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Nostalgia for the Light

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Nostalgia for the Light - Cover Art

Nostalgia for the Light - Cover Art

Courtesy Icarus Films
Rock Art and Observatory in the Atacama Desert

Rock Art and Observatory in the Atacama Desert

Courtesy Icarus Films

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Nostalgia for the Light. 2010. Directed by Patricio Guzmán, Atacama Productions. Released in Blu-Ray and DVD format by Icarus Films in 2012. DVD ISBN 6314402670, Blu-ray 6314402697. Runtime: 86 minutes, with 81 minutes in five additional shorts included on the disk. In Spanish with English subtitles.

Nostalgia for the Light (original title Nostalgia de la Luz), is a film by Patricio Guzmán, produced in 2010, and a winner of the Francois Chalais award at the Cannes Film Festival that year (and many others since). It was released on DVD and Blu-Ray in 2011, and presented on the American Public Broadcasting System's program POV in October of 2012, where I caught a glimpse of it late one sleepless night. After some amount of searching and cajoling on my part, Icarus Films sent me a screener of the film. I may never recover.

Searching the Atacama Desert

The film features the high elevation Atacama desert of Chile, a place on earth where there is no humidity: the desert is visible as a brown expanse in photographs taken from outer space of our blue-green planetary marble. Here, astronomers have found the Atacama's clear and translucent atmosphere a perfect place to probe the outer universe in search of our origins: you can even see some of the planets in the daylight. Here, archaeologists have discovered the oldest preserved mummies in the world, preserved in part by the arid climate. Here you can find geoglyphs and rock art left by endless caravans of llamas, traders of the Inca and Tiwanaku empires who crossed the arid wastes. Here, in the 19th century, miners were virtually enslaved to provide saltpeter and other minerals stored beneath its surface. And here, for 17 grueling years in the 1960s and 1970s, dictator Augusto Pinochet attempted to hide the bodies of thousands of protestors massacred during his bloody coup d'etat.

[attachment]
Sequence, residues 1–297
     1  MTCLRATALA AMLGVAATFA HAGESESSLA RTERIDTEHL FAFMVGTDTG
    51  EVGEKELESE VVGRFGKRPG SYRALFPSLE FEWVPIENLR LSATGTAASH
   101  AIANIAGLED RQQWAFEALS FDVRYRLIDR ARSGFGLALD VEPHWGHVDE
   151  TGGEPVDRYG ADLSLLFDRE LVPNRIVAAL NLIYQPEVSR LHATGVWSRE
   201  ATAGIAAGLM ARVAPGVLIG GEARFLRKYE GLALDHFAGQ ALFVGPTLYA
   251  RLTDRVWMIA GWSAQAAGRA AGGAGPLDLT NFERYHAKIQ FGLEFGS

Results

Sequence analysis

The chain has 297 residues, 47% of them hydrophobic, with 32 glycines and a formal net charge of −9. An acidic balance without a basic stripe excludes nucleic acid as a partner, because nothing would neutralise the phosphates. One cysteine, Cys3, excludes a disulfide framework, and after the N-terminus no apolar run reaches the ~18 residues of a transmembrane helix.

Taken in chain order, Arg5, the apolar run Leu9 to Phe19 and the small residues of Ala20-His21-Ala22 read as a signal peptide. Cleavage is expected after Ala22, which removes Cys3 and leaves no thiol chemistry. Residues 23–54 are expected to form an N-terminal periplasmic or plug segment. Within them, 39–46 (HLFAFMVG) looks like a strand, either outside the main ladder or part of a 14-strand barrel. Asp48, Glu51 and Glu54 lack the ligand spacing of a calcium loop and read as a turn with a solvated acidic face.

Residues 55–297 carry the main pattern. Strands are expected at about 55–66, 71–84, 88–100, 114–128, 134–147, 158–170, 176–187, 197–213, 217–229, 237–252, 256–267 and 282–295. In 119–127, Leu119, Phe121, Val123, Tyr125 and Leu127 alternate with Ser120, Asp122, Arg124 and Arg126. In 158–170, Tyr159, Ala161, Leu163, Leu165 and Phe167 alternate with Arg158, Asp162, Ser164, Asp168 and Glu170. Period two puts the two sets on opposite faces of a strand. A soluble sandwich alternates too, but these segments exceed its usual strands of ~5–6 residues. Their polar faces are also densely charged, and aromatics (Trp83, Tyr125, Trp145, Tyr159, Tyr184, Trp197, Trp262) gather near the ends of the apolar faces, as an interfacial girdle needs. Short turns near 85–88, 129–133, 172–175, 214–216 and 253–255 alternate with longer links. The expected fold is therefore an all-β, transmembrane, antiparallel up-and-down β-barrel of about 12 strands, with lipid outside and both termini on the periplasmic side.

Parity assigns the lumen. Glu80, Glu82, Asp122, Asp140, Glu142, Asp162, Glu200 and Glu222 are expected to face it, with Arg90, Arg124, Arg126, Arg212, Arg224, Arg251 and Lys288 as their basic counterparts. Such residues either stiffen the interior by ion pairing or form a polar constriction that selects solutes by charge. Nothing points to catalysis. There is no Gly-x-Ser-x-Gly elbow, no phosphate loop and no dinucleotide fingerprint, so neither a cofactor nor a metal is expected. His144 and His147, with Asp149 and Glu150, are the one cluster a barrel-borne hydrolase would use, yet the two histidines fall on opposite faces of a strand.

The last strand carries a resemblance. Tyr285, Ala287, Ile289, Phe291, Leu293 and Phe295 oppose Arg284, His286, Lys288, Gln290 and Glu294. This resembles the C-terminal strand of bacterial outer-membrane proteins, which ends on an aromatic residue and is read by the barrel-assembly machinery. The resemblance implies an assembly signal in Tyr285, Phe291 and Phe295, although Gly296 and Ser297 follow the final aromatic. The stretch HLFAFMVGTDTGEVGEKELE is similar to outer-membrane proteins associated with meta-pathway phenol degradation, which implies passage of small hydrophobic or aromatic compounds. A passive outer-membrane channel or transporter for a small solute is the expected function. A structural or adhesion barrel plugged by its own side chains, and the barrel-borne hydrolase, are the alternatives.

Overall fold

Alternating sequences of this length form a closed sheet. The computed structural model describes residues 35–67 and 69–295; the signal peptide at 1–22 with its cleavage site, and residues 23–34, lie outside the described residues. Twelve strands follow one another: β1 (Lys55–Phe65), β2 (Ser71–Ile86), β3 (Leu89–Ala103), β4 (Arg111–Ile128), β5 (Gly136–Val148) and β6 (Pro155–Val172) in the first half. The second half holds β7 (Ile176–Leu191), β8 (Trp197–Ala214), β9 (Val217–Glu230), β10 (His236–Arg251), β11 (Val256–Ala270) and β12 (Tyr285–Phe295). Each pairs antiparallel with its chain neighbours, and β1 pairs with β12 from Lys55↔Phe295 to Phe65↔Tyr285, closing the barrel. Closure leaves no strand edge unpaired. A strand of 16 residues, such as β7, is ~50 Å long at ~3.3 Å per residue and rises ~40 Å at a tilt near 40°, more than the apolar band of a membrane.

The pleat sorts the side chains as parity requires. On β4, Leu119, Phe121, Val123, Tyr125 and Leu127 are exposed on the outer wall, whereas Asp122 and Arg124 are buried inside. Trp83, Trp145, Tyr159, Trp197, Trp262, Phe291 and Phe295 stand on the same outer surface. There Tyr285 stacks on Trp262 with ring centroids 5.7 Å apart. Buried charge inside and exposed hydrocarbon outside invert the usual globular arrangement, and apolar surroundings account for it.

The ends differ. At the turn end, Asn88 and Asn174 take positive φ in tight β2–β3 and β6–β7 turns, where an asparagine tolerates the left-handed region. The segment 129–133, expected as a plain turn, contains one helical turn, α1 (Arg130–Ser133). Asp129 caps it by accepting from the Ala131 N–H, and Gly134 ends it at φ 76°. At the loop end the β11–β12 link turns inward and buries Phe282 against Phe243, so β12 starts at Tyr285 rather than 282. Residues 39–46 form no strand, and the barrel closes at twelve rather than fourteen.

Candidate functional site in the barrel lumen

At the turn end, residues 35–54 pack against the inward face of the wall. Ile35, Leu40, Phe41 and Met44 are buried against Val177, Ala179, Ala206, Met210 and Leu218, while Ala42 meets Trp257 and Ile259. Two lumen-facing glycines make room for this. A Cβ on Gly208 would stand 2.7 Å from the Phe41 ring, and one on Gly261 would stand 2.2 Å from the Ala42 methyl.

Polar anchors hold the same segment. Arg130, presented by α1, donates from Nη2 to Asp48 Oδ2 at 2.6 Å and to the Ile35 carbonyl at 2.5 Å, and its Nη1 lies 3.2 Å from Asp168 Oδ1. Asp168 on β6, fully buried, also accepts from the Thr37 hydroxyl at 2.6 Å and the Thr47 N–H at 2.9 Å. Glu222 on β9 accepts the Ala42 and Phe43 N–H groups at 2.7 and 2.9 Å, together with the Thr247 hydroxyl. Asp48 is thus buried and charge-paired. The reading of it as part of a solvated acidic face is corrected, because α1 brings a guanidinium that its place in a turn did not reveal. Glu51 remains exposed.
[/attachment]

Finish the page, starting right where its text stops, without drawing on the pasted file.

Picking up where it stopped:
The film is gorgeously photographed, moving between decades, centuries, millions and billions of years like an observatory telescope, shifting from north to south, east to west and opening its shutters like eyelids to expose almost unbearable realities of past and present Chilean life. The images of the desert are powerful: the desert itself a reflection of the world where nothing is ever completely erased, where atoms and bone fragments dazzle the eye like translucent rain and dust motes dance in the harsh winds.


Sad, sad is the story of all the women who search the Atacama desert for the remains of their disappeared sons and daughters, aware that Pinochet's military junta attempted to excavate the mass graves and remove the evidence: but also aware that small pieces of the human remains were left behind. A foot, a skull fragment, tiny sherds of bones: these pieces found so far are now cataloged and stored in a museum laboratory until they can be identified and reunited with their families.

Intersecting stories tell of Pinochet's concentration camps where internees kept their souls alive by studying the stars; and where Chilean astronomers who are focused on the sky and the planets are also deeply rooted in Chile's recent past. The children of the disappeared, the architect who painstakingly recorded the layout of the concentration camps, the historian who marvels of the forgotten past, all are both archaeologist and astronomer. It is patently clear that there are still people who say "enough is enough, the past is gone and let's move forward", unaware as are the makers of this film that the past is never truly gone.

Bottom Line

Nostalgia for the Light carefully blends these stories from the ancient and not-so-ancient past, in the main feature and in five short bonus films, accounting for another 81 minutes on the DVD. They include additional interviews from astronomers, archaeologists, lawyers, architects, psychologists, sociologists and everyday people. One bone-chilling segment is with the retired general Juan Emilio Cheyre. Together, the short films provide us with insight into the echoes of the past that are still present today. These are important elements for the film as a whole, particularly for those of us who only know of one or two sherds of complexities of the Atacama.

I wanted to see this film because of my glimpse of the beautiful images of the Atacama in it; and because the intersection of archaeology, astronomy and history in such a place drew me. I'm glad I saw it because it is a crash course of what I can believe is the modern-day political and social atmosphere of present-day Chile, healing but still wary of the damage left by the despotic Pinochet government.


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